Friday, October 13, 2006

Back to 1986

My big memory of 1986 was seeing a revitalized Giants team out at the Stick after horrific seasons in 1983, 1984 and 1985. It was the year of Humm Baby, outstanding rookie years from Will the Thrill and Robbie Thompson and the realization that the Giants had actually gotten something out of the Jack Clark deal in the person of smooth-fielding Jose Uribe. My favorite game was seeing the Giants beat the Dodgers late in the year 8-6 in something like the 14th inning and put an end to their pennant hopes.

For most people, though, the big memories of 1986 have to do with the Mets and how they electrified New York by squeezing out postseason wins against the Astros and Red Sox. Watching the Mets win 2-0 tonight amid a fired-up Shea crowd, I was reminded of how intense the postseason can be.

John Perricone at Only Baseball Matters has credited the NY Daily News' often lame Mike Lupica with a decent recap of 1986 and posted an outstanding personal recollection of what it was like to be in New York during Game 6 against Houston --

I was there, standing on a concrete flower box in front of Parsons School of Design on, (if I remember correctly), 34th street and 5th Avenue, with a tiny transistor radio pressed against my ear. I was calling out the play by play to what started out as a crowd of about twenty people, from about the seventh or eighth inning. As the game went on, and on, and on, the crowd around me got bigger and bigger, until, at the end, in the 16th inning, there were people standing in the street, and the taxi cabs had stopped traffic, stopped NY, (if you can even imagine that happening); and there were maybe as many as four or five hundred people surrounding me. By then, by the bottom of the 16th, I was yelling at the top of my lungs, "Strike One!" Strike Two!" "Swing!...... Fair Ball! The Mets take the lead!" Like that, for about an hour and a half.
When Orosco ended it.... well, like I said; Lupica wasn't there. He tells the story second-hand. (I'm getting goose bumps just writing about it). The people closest to me picked me up and carried me out into the street. Traffic stopped, and everyone got out of their cars, taxi drivers and truck drivers and commuters, and we all hugged and yelled and high-fived each other, and jumped up and down. No one wanted it to end, and eventually, about a hundred of us, strangers all, poured into a nearby margarita bar and got smashed. It was perhaps the most exciting sports moment of my life, and when I think about it now, the fact that I didn't even see a replay of what happened in the game until about ten years later, it boggles my mind. What I do know, is that Lupica is 100% right when he says the Mets owned, absolutely owned NY that year. And that NLCS win, that moment in time, was pure magic, sports pandemonium distilled down to it's essence, the reason we are sports fans at all. And I was there. I. Was. There.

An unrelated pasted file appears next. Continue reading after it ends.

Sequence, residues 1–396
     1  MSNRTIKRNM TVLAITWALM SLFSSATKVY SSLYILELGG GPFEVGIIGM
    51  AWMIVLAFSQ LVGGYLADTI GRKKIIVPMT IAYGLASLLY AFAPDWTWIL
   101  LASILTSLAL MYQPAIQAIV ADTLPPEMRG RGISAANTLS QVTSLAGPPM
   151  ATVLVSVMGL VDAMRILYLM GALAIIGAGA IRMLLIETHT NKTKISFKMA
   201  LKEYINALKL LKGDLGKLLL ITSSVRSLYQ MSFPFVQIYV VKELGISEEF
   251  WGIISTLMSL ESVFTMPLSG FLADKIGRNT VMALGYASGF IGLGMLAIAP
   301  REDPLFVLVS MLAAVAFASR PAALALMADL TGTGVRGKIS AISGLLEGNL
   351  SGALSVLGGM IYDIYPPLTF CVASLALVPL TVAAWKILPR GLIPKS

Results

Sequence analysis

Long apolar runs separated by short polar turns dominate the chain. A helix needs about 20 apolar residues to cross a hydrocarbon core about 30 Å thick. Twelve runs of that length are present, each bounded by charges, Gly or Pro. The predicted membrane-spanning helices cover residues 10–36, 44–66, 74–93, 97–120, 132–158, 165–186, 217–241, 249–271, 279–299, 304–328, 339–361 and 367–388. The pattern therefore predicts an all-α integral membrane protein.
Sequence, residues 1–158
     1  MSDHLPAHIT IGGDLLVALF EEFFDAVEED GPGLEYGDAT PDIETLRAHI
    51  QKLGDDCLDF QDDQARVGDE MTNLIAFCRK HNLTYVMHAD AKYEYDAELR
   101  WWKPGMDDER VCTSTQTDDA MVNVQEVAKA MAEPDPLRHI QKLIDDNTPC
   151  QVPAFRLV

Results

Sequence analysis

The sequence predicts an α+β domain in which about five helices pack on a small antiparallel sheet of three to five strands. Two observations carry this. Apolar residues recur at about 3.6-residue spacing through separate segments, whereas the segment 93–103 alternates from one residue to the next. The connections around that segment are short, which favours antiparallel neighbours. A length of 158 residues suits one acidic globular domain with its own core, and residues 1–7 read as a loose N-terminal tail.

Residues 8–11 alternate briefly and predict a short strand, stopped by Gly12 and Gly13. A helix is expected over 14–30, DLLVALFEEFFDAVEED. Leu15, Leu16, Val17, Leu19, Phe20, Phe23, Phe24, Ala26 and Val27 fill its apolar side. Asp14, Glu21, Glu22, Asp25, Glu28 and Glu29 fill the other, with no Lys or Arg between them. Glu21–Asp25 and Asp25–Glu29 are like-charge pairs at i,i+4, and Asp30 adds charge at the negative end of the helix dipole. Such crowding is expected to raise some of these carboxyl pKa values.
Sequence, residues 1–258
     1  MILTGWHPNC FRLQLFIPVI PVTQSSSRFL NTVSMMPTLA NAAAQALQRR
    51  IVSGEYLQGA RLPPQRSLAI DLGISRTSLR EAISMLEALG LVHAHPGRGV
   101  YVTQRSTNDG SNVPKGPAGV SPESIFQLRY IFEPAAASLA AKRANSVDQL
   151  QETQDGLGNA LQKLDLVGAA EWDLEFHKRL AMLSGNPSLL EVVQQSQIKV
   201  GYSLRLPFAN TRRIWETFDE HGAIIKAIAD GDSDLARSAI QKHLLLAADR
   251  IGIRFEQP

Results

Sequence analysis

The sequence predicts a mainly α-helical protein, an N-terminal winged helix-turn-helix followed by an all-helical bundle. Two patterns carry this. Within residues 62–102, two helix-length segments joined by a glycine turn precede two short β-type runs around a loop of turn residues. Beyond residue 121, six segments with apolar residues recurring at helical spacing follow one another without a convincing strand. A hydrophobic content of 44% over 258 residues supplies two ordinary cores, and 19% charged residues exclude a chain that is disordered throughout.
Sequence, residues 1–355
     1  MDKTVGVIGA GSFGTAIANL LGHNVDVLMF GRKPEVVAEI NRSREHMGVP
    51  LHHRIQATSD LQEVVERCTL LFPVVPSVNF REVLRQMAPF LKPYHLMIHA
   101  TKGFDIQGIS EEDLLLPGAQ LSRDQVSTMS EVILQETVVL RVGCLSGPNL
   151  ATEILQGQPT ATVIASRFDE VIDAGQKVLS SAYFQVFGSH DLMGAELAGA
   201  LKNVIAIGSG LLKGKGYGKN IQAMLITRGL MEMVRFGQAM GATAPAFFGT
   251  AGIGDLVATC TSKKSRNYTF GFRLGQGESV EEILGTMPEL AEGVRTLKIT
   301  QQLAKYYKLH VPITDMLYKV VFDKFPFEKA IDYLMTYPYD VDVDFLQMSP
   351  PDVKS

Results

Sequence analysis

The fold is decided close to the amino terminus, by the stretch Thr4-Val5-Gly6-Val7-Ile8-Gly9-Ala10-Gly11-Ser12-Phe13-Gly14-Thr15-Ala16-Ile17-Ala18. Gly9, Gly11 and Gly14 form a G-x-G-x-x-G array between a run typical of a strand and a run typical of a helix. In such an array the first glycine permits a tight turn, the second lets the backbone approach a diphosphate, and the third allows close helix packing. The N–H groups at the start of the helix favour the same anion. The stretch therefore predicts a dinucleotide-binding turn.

The Mets had another Game Six that season, against the Red Sox. But that's another story, the details of which I'll share with you later, if the Mets make it to the Serious.


Anonymous Dan said...

I remember 1986.

The morning of Game Six of the World Series, I received a call at my studio apartment on 72nd Street and Riverside Drive. It was my friend Ted, who was an enormous Red Sox fan.

That fall, Ted was living in Washington with his wife. Now, Ted was feeling quite confident about the game that night, so he was talking smack. He dared me to come down and watch the game with him but said he didn't think I would do it.

I had the Amtrak schedule handy, and told him to meet me at Union Station at 5pm, because I would be on that train.

We also invited our friend Charlie to watch with us. Charlie lived near Georgetown. On the way to Ted's we bought a bottle of tequila. I consumed a lot of tequila that night.

It turns out I was the only Mets fan in a room full of about ten BoSox fans. As it became more and more desperate for the Metropolitans and the booze was consumed more freely, the grief was being heaped on me in larger doses.

In the bottom of the tenth, I called my sister and we had a nice cry. I hung up when there were two outs, and with every hit by the Mets, you could sense the unease building in the room.

By this time I was feeling no pain, and by the time Mookie and Buckner collaborated on the Error, all I could do was scream out "THEY CHOKED!!!!"

I was not the most popular guy in the room.

Ted took the VHS tape of the game he was planning to save and practically threw it at me. He then told Charlie to get me out of there. I guess he was a little upset, and the champagne he had opened in anticipation of celebration was now a way to drown his sorrows.

That was the most amazing night of my life as a fan, as far as I remember.

4:37 PM  

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